TENS of thousands of servicemen perished in the construction of the Burma Railway during the Second World War, enduring unimaginable conditions.
Forced by brutal Japanese soldiers to carry out back-breaking work in intolerable heat, often without food, some 16,000 Allied troops died in the making of the 258-mile track, dubbed the “death railway”. One of the survivors is Stan Vaisey, a fresh-faced 16-year-old at the time who had signed up to serve his country during the height of the Battle of Britain.
Five years later when he was liberated by American troops, he was almost broken – a walking skeleton weighing only five stones.
He had joined up in 1940 to become Leading Aircraftman Vaisey at RAF Lyneham, serving as a radar technician for 511 Squadron. He was captured during the fall of Singapore in Febriary 1942 when the Japanese bombed the boat he was in.
For the next three-and-a-half years he was put to work on the Thanbyuzayat leg of the railway in southern Burma.
Mr Vaisey, now 89 and from Witney, recalled: “They wanted us to build it all the way through to Bangkok. We didn’t have bulldozers back then; it was hard labour every day. We were cutting down trees, laying tracks, and dying where we stood.
“I wouldn’t have minded being forced to do something that might have helped humanity, but not that.
“Building the bridge cost the Japanese more than they realise, it cost them a lot of lives.”
It is estimated that 180,000 Asian workers and 60,000 Allies were involved in its construction. Around half of the Asian labour force and 16,000 Allied PoWs, including 6,318 British men, died as a result.
When transported to the line the prisoners were packed into steel freight cars for five days and nights, with 36 men to a car.
There was only enough room to crouch down and only one opening for ventilation. Illness, particularly dysentery, was rife.
Mr Vaisey said: “They didn’t have a doctor, only had a dentist. For what they were doing it was incredible how unprepared they were.
“We were fed a constant diet of boiled rice, that was all we had. No nutrients, no vitamins. You daren’t sneeze, dysentery was everywhere. I did watch friends die.”
One fellow PoW was a Dutch doctor, Dr Henri Hekking, who many veterans praised for the help he gave them during their ordeal.
Mr Vaisey said: “ He was a great man and he saved my life, but he had to watch as they killed his wife and child.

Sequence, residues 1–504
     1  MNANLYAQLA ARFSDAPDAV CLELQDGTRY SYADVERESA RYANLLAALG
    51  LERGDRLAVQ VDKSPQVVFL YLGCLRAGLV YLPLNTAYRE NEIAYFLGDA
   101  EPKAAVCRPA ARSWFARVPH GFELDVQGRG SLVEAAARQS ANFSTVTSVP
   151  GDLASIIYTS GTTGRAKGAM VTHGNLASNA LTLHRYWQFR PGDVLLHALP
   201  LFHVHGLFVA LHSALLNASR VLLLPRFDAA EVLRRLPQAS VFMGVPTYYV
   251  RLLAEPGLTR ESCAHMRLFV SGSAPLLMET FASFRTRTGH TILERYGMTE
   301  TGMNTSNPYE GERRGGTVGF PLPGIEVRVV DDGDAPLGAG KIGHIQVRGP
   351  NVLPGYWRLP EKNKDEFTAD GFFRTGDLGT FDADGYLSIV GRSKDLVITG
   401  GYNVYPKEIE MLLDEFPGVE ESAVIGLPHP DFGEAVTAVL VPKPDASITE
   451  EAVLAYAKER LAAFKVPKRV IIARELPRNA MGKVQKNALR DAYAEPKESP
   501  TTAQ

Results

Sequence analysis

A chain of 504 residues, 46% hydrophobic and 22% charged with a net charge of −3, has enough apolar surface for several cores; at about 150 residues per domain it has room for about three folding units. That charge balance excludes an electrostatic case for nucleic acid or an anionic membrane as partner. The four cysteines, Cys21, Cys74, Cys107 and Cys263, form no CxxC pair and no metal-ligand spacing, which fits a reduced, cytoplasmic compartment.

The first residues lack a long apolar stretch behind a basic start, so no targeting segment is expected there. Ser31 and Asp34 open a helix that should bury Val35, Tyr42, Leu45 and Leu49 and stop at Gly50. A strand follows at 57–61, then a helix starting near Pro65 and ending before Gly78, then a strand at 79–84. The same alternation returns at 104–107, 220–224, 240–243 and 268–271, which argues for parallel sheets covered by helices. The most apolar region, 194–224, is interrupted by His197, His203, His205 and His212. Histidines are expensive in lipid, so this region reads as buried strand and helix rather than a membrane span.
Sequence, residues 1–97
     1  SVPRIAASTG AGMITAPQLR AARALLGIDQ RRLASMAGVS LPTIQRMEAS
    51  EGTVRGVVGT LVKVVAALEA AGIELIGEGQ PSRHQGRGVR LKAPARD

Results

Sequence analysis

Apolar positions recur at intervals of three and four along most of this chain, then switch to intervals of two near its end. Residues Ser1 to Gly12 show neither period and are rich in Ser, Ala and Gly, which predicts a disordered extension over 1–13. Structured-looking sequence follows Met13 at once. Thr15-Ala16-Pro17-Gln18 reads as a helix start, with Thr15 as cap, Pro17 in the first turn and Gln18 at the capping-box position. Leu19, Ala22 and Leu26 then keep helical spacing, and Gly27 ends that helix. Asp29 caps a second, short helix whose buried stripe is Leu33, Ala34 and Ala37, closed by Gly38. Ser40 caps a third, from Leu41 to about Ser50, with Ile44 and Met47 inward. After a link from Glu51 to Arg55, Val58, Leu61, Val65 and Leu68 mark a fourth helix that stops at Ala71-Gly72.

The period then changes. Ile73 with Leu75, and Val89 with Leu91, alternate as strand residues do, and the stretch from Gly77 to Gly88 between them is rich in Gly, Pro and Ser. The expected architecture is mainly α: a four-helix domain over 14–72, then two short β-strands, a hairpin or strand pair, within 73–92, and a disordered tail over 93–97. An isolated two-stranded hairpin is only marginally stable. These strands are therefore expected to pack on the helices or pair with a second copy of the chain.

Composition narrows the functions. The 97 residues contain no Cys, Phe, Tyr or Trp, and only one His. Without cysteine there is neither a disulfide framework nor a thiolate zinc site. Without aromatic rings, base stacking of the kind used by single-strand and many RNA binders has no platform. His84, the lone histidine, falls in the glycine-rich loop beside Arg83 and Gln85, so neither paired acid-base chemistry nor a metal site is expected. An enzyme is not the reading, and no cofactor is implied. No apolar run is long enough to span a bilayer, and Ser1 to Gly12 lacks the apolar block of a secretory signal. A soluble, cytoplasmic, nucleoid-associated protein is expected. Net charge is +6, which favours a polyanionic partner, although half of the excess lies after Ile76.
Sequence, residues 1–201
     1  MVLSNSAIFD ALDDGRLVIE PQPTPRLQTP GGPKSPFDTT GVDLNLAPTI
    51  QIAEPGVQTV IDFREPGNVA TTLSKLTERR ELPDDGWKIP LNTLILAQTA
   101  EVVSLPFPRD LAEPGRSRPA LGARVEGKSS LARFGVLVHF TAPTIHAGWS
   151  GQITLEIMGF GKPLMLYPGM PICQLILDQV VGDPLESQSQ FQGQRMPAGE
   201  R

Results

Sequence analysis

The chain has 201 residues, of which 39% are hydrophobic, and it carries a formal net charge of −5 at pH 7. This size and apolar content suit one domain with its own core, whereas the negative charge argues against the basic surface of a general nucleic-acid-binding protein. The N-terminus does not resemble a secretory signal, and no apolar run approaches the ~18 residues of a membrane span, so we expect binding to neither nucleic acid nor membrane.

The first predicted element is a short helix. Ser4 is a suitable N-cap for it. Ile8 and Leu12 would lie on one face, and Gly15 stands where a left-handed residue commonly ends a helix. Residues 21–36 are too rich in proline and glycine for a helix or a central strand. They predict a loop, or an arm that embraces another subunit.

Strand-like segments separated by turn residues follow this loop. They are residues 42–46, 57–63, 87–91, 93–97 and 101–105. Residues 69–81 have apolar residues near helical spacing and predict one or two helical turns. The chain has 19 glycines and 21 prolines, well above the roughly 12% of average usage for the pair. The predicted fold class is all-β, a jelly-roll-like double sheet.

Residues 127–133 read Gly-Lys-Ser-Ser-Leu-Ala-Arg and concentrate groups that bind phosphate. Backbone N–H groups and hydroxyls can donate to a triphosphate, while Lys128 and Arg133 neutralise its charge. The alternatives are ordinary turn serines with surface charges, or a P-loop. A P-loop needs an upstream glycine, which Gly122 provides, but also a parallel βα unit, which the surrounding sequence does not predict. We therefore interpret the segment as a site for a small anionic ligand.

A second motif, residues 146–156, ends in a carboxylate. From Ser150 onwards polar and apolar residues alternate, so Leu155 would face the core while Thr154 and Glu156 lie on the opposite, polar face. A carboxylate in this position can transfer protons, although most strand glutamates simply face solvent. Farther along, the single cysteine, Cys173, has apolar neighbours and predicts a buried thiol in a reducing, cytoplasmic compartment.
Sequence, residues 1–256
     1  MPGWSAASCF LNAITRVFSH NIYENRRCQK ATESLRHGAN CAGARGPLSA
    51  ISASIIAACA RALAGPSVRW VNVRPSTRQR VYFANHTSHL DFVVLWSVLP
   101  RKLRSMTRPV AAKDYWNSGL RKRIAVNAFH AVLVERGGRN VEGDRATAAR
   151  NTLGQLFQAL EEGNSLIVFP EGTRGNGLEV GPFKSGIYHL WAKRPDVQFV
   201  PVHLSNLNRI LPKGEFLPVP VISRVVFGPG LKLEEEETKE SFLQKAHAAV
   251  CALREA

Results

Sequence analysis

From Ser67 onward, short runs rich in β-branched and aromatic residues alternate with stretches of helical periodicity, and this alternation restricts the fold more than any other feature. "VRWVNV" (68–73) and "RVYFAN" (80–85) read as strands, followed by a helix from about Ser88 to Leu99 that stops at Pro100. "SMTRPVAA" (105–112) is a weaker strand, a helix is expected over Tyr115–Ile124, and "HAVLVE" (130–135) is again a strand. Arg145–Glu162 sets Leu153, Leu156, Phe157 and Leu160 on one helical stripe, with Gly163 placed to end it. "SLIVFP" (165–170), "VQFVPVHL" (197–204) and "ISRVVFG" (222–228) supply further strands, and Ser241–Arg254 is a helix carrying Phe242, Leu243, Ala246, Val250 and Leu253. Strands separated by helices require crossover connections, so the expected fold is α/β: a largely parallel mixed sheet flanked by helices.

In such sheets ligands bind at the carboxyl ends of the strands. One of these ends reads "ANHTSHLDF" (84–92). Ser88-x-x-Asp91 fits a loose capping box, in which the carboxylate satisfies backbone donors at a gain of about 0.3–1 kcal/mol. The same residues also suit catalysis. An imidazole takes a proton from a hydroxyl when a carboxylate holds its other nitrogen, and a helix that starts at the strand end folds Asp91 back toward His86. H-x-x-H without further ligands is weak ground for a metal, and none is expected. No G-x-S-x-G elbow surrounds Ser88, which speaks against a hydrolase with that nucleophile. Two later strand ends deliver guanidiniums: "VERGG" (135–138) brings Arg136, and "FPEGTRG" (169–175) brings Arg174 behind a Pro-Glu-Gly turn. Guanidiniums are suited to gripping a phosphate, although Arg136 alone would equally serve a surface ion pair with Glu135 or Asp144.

“He taught me bits of Dutch, which I can still remember, and helped me to mix with the others in the camps.”
Mr Vaisey was in the Burmese labour camp for three-and-a-half years, but it did not break his spirit. When he went in he weighed 12 stone – when he came out, just five.
He said: “It’s no good going to war thinking you won’t get hurt. We saw a lot of the Royal Air Force, and they bombed us a lot of the time. We knew they were out there and that’s why I knew I would get out. I never once thought I wouldn’t make it home.”
And so he was there when Allied forces blew up the bridge over the River Kwai in February, 1945.
After the war he moved to Oxford and then Witney, having married his wife Margaret. They would go on to have two children, Carol and Andrew and two grandchildren, Cherie and Beverley.
Mr Vaisey worked at the Curridge brewery in Hampshire, after his uncle managed to get him a job. He later worked as a civil servant.
Looking back 71 years after being captured, he has neither forgotten nor forgiven what happened to him.
Mr Vaisey said: “I was so thin. When I did get home if I laid down on my back you could practically see my heart beating.”
“I never forgave the Japanese for what they did, but like it says in the bible; ‘Vengeance is mine; I will repay, said the Lord.’ “We dropped an atomic bomb on Tokyo, that was our revenge. I never had nightmares or anything like that, but it was a horrid time.”
l Mr Vaisey is the latest of a series of former prisoners of war to come forward following an Oxford Mail appeal to share stories with the Soldiers of Oxfordshire Museum in Woodstock. It is collating PoW tales for a new display following its £3m refurbishment. For more on the Soldiers of Oxfordshire Museum see sofo.org.uk